I was just having a little sort out of the photos on my phone; is anyone else’s constantly telling them that they a) have not backed up for 3495 days, and b) are rapidly running out of storage space?! Grrrr…
This task, which I had optimistically hoped to cross off my to-do list by lunchtime, inevitable ended up taking several hours (it’s currently 15:20). However, on the bright side, I ended up rediscovering my huge backlog of photos from my travels, and indulging in a little nostalgia for all of the places I’ve visited – and the people I’ve met – since Christmas.
Being a Flight Attendant is such a bizarre way to live your life. I feel as though I’m constantly missing out on birthday parties and nights out at home, only to spend these evenings in a foreign country, with people I’ve met not 10 hours previously. It can seem lonely at times – what’s the point of having the world at your feet if you’ve not got someone you love with you to share it all? Looking back at these photos, though has made me realise how lucky I am to have such freedom to do as I please, and to have met such crazy, likeminded people…people who will go to a rodeo bar with you on a Tuesday, because you’re in Texas for 24 hours, and why not?!
ANYWAY, enough of the gooey stuff.
By far some of the most stunning photographs I stumbled upon this afternoon are those I took at the Sheikh Zayed Grand Mosque in Abu Dhabi. The mosque is one of the few in the region open to non-Muslims (except during prayer time; as this changes daily, be sure to check online before your visit).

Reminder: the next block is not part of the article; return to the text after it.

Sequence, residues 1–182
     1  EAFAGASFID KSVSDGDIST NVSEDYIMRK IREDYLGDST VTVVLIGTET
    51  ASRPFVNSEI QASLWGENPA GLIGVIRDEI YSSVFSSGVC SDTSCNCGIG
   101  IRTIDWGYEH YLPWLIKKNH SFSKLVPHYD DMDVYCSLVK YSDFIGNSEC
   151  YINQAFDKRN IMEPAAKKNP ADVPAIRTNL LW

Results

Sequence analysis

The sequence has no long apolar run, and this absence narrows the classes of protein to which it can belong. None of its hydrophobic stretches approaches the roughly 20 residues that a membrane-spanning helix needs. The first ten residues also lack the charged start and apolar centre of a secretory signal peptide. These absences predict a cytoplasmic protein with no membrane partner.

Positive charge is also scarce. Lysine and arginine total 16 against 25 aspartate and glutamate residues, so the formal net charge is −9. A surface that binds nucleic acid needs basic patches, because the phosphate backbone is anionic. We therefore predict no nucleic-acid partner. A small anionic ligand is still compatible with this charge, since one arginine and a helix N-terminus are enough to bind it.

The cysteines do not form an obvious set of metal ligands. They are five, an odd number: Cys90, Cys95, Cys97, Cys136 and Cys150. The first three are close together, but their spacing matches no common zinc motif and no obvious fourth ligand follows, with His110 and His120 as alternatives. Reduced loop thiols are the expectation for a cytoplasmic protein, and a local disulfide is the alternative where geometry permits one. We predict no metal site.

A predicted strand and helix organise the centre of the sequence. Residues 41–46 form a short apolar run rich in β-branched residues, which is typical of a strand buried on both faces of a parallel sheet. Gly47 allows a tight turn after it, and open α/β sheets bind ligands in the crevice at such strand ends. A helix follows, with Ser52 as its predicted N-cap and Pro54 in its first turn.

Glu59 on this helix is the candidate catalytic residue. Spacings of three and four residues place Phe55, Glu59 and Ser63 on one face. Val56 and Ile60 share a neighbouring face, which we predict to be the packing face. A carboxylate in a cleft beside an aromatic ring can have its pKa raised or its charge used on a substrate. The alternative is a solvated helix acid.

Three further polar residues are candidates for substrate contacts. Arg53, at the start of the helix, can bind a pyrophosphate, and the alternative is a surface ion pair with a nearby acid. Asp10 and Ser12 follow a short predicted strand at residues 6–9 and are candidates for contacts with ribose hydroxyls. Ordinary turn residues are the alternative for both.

I won’t even attempt to describe how stunning and serene this was, as there is simply no way that words can do it justice.
If you ever find yourself in this corner of the world, please take an afternoon to wander around this beautiful place, you will not regret it. I would recommend arriving about an hour before sunset, so that you are able to see the mosque in the daylight as well as during dusk.
We didn’t even do the guided tour that was available, choosing instead to quietly walk around the columns and admire the architecture. The feeling of peace I felt during my visit was truly remarkable.
Make sure that you dress conservatively – there are abayas available to borrow if you wish – you must be covered to your wrists and ankles, and women are advised to wear a headscarf, as your hair must not be visible.
I hope my photographs go some way to showing you just how beautiful the Sheikh Zayed Grand Mosque is – but please go and see it for yourself.